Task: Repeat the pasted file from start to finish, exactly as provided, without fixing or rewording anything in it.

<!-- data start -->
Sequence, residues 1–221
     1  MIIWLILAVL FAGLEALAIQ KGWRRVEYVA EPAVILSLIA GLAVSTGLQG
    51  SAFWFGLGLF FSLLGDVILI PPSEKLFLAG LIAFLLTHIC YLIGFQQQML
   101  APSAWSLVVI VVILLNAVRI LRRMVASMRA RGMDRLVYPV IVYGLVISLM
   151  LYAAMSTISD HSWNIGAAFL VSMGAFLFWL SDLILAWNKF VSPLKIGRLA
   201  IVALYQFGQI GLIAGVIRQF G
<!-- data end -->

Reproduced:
Sequence, residues 1–221
     1  MIIWLILAVL FAGLEALAIQ KGWRRVEYVA EPAVILSLIA GLAVSTGLQG
    51  SAFWFGLGLF FSLLGDVILI PPSEKLFLAG LIAFLLTHIC YLIGFQQQML
   101  APSAWSLVVI VVILLNAVRI LRRMVASMRA RGMDRLVYPV IVYGLVISLM
   151  LYAAMSTISD HSWNIGAAFL VSMGAFLFWL SDLILAWNKF VSPLKIGRLA
   201  IVALYQFGQI GLIAGVIRQF G